Terms of Concern – “That Doesn’t Poll Well”
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Terms of Concern – “That Doesn’t Poll Well”

By March Twisdale

Given the age demographics of Vashon-Maury Island, a considerable number of us grew up during a time when “trust in polls” was high. For decades, “exit polls” were especially accurate, with a nearly 100% accuracy rate when compared to actual election results. Then, things changed.

It’s universally acknowledged that polling results failed miserably during the 2016 United States presidential election. That consensus can be found everywhere, from Forbes, to Heavy.com, to Pew Research, and CBS. The question is, “Have we fixed our polling systems, and are they reliable?”

This matters, because our Washington State Legislature is currently in session. Bills have been drafted, presented, and are either dead in committee (like HB 1814) or moving forward. When our elected representatives decide which bills to stand behind, support, oppose, or vote for … what’s one of the first questions they ask? “Is it polling well?”

Maybe they should be asking another question? “How do we inspire American citizens to become more engaged?” On Tuesday, November 8, 2016, barely 20% of US citizens voted. As a result, from 2017-2020, 80% of us lived with an administration elected by a mere one-fifth of our population. Going back to 1996, about 100 million votes are tallied for each presidential election. In 1996, that was 34.7% of our population. This trend is discouraging, especially when you consider that Icelandic participation hovers around 81-87%.

Mature islanders, with a handful of decades under their belt, still think we live in a nation dominated by two political parties. Maybe, but for how long? According to the Pew Research Center, 34% of registered voters identify as Independents. This isn’t good or bad, but it leaves political parties (and representatives seeking re-election) in an awkward position, as they struggle to align their votes with the desires and demands of increasingly hands-off and unpredictable constituencies.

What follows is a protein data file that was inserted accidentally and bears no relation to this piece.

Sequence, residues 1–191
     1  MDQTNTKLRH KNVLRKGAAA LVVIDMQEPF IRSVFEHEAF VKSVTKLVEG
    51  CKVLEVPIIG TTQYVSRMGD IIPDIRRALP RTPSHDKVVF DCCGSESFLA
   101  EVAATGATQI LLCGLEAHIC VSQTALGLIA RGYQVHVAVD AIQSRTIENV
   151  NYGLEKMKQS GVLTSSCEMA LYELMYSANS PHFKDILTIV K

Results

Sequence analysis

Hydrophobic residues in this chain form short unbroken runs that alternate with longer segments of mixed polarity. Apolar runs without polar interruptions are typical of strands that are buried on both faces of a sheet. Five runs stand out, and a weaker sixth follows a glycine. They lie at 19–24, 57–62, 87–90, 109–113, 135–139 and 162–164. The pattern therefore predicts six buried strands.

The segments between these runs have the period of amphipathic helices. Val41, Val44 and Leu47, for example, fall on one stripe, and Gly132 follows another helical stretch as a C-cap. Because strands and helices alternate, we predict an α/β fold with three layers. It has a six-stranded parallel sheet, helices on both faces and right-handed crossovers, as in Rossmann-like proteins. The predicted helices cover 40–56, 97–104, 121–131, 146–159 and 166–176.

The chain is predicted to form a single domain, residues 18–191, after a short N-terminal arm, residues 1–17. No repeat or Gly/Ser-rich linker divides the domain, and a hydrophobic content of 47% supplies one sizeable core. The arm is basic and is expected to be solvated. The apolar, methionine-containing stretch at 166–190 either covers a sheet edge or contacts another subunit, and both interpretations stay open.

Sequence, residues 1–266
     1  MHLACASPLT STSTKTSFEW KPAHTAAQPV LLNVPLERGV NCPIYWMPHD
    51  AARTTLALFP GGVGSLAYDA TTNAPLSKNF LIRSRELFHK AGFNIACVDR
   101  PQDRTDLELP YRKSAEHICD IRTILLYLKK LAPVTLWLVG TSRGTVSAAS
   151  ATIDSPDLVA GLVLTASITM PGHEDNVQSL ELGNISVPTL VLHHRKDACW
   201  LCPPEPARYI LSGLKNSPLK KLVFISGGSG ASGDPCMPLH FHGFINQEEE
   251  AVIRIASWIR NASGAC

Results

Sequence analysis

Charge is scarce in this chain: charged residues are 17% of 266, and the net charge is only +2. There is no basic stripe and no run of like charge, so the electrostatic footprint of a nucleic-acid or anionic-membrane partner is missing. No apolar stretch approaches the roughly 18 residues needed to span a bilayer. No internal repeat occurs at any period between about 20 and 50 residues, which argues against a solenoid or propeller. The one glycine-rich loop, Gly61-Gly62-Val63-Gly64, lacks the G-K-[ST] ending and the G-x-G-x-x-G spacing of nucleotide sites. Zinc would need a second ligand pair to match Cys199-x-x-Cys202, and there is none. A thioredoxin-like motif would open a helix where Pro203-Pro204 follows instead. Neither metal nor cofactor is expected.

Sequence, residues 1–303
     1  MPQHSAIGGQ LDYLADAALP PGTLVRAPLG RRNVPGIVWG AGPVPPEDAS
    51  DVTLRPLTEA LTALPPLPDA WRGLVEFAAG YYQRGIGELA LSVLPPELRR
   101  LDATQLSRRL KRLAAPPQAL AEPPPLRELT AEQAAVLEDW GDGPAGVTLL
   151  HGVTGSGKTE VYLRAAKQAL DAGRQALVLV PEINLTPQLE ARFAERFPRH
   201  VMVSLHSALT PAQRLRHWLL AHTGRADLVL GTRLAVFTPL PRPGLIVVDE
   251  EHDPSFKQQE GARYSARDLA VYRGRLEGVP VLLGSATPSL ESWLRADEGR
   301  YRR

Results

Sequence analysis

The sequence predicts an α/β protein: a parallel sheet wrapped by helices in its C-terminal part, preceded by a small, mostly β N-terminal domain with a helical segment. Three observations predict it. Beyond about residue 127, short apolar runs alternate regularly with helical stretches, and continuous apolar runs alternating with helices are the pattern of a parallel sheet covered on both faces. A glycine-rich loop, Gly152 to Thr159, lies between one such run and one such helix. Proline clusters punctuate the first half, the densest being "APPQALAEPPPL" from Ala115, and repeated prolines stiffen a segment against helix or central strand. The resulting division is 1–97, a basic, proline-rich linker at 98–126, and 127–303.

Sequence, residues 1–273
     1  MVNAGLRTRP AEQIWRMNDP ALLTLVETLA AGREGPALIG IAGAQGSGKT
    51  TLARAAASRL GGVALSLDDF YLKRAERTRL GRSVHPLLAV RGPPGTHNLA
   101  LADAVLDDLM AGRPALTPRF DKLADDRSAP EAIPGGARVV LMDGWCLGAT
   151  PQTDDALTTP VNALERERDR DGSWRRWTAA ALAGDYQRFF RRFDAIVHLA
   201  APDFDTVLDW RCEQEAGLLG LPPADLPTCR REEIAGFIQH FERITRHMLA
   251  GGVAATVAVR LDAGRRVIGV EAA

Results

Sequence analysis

In the echoing silence, politicians turn to the familiar … the trusted … the polls. This is like asking an admitting nurse to diagnose a patient’s illness or injury simply by checking their pulse and blood pressure. Who can draft good legislation or represent their constituents based primarily on polling data (and lobbyists)?

“It’s time for politicians to grow a spine!” Heard this before? Me too. But, maybe it’s not our elected representatives that need a spine. Maybe it’s us? If we’ve become so tired, irritated, frustrated, overwhelmed (and lazy) that we’ve given up or turned away in disgust, what right do we have to point fingers?

It is our privilege (and our obligation) to be the wind beneath their wings. The gusts that blow their sails. The spine that holds them up, tall and strong. Imagine how the world would change if each of us sent one email a week, telling our elected representatives what we want them to do for us?

Not what we’re angry about. What we want. It starts with you and me. Be the change. Get involved.

April 7, 2023

About Author

March Twisdale

march March Twisdale has called Vashon Island home for nearly twenty years. A lifelong advocate of independent thought, March believes there are as many right choices as there are people in the world. She looks forward to bringing inspiring content to Vashon Loop readers, as she's done for eight years with her radio show - Prose, Poetry & Purpose. Find her on Substack.com by searching "Our Thoughts Matter."